When organisations have their funding and future survival of services tied to the vagaries of abstract key indicator targets to the extent that we have allowed it to happen, there is a huge vested interested to paper over the cracks, bury any mistake that happens, and create systems that cover their backs rather than reach out to help those in most need. When this trend is also happening alongside a society becoming more litigious year on year, the focus becomes even more self-interested.

They have to keep up appearances make everything seem excellent and tickety-boo, with no room to admit that human errors sometime happen. The people who work in these environments are no longer able to make autonomous decisions; we have all seen the growth of the interminable meetings where even the smallest things are now decided by committee. Joint decisions are always watered down and become half-baked shadows of the actions really needed. No one is able to stick their head up over the parapet anymore and say something sensible, because they are all too scared. Using one’s own initiative is frowned upon but how can you truly care for someone in any meaningful way without being allowed to sometimes think on your feet?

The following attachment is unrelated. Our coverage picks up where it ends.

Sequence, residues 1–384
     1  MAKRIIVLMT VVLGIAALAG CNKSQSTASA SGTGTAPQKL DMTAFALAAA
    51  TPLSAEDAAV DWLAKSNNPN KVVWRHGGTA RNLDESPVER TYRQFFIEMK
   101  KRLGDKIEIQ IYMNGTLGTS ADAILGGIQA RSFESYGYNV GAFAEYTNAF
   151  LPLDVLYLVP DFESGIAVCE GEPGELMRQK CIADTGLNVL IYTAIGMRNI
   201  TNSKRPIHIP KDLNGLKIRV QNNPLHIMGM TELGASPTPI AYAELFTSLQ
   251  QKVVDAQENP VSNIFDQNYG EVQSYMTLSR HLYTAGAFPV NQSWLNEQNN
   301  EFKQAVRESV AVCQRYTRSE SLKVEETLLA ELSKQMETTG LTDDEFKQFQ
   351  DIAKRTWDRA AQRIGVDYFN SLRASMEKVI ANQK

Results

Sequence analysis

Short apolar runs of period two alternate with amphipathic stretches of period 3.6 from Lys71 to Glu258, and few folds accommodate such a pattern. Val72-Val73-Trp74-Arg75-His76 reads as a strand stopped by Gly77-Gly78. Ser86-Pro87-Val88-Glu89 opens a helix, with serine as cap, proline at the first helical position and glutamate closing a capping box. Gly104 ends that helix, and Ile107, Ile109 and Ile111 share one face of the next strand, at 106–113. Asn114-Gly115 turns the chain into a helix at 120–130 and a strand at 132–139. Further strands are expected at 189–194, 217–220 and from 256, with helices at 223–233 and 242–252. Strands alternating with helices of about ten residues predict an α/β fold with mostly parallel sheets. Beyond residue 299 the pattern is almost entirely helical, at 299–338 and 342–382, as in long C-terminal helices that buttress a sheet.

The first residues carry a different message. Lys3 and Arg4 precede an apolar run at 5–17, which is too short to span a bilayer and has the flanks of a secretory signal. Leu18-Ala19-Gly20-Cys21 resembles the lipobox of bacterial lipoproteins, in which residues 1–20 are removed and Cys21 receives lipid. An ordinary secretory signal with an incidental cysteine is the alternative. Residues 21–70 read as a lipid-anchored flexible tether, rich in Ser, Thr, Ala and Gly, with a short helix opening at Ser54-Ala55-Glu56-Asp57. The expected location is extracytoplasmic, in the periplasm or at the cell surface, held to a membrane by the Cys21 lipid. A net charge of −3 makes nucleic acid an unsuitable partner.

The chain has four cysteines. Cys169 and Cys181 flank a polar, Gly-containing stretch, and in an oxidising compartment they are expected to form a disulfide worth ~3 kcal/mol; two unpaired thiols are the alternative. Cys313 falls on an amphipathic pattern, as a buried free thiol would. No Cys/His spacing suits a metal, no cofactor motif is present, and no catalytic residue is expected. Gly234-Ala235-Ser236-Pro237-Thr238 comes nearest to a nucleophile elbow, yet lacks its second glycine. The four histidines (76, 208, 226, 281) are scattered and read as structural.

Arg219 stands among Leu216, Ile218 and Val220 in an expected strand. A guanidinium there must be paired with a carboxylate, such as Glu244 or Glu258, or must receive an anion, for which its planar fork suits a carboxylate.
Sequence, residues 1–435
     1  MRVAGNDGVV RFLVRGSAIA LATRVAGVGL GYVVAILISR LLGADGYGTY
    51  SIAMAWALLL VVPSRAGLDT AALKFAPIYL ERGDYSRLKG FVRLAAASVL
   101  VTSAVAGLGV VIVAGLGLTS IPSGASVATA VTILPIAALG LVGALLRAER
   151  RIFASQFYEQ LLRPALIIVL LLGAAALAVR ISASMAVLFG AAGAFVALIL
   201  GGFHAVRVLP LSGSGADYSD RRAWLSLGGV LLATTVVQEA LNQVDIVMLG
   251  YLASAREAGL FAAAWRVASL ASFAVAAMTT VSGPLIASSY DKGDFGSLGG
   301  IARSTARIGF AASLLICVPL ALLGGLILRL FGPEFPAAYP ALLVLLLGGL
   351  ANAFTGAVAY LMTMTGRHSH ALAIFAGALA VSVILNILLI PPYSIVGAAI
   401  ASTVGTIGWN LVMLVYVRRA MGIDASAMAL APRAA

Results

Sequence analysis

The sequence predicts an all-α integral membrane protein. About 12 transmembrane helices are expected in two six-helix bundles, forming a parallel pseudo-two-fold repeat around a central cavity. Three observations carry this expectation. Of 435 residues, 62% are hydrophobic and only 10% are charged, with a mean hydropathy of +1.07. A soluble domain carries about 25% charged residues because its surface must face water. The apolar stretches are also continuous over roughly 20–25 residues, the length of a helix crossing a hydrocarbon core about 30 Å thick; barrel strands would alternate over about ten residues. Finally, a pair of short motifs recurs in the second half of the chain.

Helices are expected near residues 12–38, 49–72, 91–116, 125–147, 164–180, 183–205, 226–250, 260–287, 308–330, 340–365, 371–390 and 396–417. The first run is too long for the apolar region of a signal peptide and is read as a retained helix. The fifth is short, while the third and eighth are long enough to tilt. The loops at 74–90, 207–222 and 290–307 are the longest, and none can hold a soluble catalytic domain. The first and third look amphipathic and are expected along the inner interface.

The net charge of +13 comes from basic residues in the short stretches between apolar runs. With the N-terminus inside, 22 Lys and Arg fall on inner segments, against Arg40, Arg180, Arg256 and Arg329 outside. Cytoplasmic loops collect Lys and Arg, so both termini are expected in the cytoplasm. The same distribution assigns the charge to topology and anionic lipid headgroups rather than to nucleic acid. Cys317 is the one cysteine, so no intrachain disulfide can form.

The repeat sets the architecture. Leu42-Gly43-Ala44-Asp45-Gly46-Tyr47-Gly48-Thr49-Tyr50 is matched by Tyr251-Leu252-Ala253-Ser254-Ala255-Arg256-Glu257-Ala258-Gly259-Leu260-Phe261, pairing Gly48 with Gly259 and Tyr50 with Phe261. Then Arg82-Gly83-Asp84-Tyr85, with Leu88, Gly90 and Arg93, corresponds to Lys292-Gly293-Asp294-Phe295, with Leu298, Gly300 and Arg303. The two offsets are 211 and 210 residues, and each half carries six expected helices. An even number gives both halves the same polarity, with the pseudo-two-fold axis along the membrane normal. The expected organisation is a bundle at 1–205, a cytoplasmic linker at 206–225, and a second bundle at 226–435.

No one takes personal responsibility in these organisations anymore because they aren’t allowed to. Meanwhile young people like LB die, because if no one takes personal responsibility, so no one can apply common sense, and it’s also, of course, no one’s actual fault.

The unspoken mantra is ‘cover our backs, cover our backs, cover our backs’. The staff feel compelled to collude with management to hide any weaknesses or failings. Reputation is king. Any weakness or failing that comes to light is minimised, or side-lined or hidden away. Truths are spun and twisted, any insider who tries to speak out is pilloried as a whistle-blower. If failings cannot be neatly filed away, they sometimes find a scapegoat, and publicly pillory them as well. No wonder the staff are so frightened.